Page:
Optus has portrayed the Telstra-TPG network sharing deal as "uniquely one-sided", heavily geared in Telstra’s favour, as it steps up opposition to the agreement.
The telco also said the deal threatened its future investments in regional Australia, which it said were already under threat due to “historic low industry returns, market imbalances in spectrum and the significant costs” of replacing legacy Huawei kit to meet government security rules.
Optus has voiced opposition to the Telstra-TPG agreement more or less since it was first announced earlier this year.
In written comments to the ACCC, partially released today, Optus argued the arrangement, if approved, “will strengthen Telstra, weaken Optus and the competitive pressure that Optus imposes on Telstra.”
Optus argued the agreement should be vetoed on the spectrum sharing clauses alone.
Pooled spectrum would afford Telstra access “to as much as 75 percent of the available spectrum in some key spectrum bands, especially those critical to the delivery of 5G services,” Optus said.
“Telstra will have the ability to offer a 5G speed up to 10 times faster than Optus could offer given the spectrum imbalance.”
Optus argued this would make Telstra “unassailable” in regional Australia, and make infrastructure-based competition cost prohibitive.
Optus also attacked the proposed deal itself, attempting to undermine it by portraying the terms as lopsided and favouring Telstra.
“TPG… will be dependent on Telstra’s network, with Telstra dictating the nature of its service through the uniquely one-sided network sharing arrangement,” Optus said.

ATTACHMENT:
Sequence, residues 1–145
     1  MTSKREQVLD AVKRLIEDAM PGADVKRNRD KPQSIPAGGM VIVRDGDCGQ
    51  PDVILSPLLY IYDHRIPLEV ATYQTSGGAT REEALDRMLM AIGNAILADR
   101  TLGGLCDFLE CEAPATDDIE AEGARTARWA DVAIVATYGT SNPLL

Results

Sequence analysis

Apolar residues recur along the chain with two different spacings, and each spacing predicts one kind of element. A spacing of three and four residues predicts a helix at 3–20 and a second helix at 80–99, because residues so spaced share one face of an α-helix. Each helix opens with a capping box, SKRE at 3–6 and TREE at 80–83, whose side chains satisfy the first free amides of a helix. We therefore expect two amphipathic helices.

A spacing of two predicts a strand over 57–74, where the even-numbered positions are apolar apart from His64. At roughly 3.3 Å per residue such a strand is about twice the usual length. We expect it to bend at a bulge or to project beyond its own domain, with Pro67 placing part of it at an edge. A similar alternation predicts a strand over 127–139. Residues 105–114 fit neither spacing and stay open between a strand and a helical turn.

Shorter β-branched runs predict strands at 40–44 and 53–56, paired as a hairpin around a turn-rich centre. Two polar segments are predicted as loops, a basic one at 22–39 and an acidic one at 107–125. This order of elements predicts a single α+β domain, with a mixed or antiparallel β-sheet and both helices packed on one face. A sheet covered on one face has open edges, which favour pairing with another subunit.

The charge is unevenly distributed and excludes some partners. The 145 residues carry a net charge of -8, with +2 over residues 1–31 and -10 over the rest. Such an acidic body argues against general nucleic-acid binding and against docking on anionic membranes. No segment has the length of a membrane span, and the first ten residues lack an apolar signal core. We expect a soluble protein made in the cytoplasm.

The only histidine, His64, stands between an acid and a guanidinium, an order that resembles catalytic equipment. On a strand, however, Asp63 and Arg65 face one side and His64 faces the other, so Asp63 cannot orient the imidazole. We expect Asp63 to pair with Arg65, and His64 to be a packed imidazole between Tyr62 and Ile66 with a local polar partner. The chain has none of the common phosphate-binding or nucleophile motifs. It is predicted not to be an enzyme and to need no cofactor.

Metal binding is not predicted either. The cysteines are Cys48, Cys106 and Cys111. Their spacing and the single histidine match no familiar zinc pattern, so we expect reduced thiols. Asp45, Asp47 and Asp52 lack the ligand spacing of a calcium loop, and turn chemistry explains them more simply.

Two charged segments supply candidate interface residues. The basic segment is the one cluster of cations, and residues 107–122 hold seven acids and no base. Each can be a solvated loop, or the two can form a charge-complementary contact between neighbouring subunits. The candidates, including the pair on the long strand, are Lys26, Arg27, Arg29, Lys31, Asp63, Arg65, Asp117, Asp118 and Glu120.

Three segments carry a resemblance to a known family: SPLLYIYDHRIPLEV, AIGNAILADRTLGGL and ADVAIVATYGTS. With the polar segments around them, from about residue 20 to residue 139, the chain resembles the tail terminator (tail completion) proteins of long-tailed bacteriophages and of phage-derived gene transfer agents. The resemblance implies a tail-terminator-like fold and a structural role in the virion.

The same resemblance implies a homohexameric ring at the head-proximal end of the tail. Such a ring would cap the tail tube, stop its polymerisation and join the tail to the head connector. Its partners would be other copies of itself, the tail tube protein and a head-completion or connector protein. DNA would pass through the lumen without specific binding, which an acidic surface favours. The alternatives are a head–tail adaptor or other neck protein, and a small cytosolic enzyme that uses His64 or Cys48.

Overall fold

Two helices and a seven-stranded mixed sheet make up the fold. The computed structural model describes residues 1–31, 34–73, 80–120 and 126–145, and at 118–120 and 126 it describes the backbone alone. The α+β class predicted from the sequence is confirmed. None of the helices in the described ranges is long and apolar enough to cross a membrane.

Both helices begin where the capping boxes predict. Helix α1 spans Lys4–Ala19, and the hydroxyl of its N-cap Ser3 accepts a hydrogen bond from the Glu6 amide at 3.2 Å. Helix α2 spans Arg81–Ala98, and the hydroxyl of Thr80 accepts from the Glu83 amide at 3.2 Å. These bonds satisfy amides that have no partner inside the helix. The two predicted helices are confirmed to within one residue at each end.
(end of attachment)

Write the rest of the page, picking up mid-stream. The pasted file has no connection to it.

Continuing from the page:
By not having its own infrastructure in regional Australia, TPG would “lose options to differentiate on service quality or any network-related features.”
Optus added that the deal would “further marginalise” TPG as a competitor to Telstra.
Telstra, TPG respond
TPG Telecom's general manager of external affairs James Rickards returned fire, accusing Optus of "twisting the facts".
Rickards backed TPG's ability to use the Telstra network to win overall market share, including from Telstra itself.
"TPG’s entire reason for this deal is to increase the size of its network so it can win customers from both Telstra and Optus, meaning all mobile consumers will benefit from greater choice and competition," he said.
Rickards added that Optus threat not to continue investing in regional network "does not make sense."
"Optus is afraid of having its regional duopoly exposed to the forces of competition for the first time," he said.
A Telstra spoksperson accused Optus of opposing the deal only out of "self-interest".
"Optus’ only reason for opposing the deal is self-interest – it would rather protect its own position than support an innovative deal to provide more capacity and competition in regional Australia," the spokesperson said.
More opposition emerges
Optus’ full submission to the ACCC inquiry isn’t public yet, though a couple of others that are also critical of the Telstra-TPG tie-up have emerged in recent days.
Symbio [pdf] opposed the deal because it would leave too much low-band regional spectrum concentrated with Telstra and Optus.
“This is likely to foreclose market entry by new and innovative players in the market,” it said.
“Such new entrants include existing niche providers providing localised network services.”
In addition, an anonymous [pdf] - though professionally-prepared - submission also argues against the deal. It similarly claims the tie-up will diminish TPG’s competitive position in the mobile market.
Following the proposed merger, TPG will be positioned as an MVNO [mobile virtual network operator] on the Telstra network, rather than an MNO [mobile network operator] in its own right,” the submission states.
“That is true despite the fact that TPG would contribute some surplus spectrum to the proposed merger.
“Following the next round of spectrum auctions in 2028, when TPG will have no interest in bidding, it will certainly be no more than ‘just another MVNO’.”